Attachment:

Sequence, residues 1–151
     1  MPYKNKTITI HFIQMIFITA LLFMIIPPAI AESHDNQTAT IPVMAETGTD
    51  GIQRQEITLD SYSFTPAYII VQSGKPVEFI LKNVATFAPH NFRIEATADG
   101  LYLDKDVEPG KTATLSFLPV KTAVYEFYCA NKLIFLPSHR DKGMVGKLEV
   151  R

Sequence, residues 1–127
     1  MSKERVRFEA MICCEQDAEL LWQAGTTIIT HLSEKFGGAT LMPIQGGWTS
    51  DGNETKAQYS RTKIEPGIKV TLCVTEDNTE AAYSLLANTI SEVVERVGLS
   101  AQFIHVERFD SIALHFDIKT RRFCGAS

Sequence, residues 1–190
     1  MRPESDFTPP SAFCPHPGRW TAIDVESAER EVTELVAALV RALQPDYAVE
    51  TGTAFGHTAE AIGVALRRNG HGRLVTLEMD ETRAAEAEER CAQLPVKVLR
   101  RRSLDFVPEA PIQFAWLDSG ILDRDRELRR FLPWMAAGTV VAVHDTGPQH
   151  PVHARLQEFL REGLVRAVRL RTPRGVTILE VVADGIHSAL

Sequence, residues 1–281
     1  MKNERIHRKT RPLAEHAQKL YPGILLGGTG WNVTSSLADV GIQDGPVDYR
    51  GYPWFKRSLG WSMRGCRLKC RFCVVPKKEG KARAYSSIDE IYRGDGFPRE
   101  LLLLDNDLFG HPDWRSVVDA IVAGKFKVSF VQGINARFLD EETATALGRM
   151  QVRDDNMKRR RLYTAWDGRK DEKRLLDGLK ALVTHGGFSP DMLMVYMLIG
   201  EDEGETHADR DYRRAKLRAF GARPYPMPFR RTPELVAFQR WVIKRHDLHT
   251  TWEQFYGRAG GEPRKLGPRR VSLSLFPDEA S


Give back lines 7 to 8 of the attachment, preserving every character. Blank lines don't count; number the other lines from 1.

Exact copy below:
     1  MSKERVRFEA MICCEQDAEL LWQAGTTIIT HLSEKFGGAT LMPIQGGWTS
    51  DGNETKAQYS RTKIEPGIKV TLCVTEDNTE AAYSLLANTI SEVVERVGLS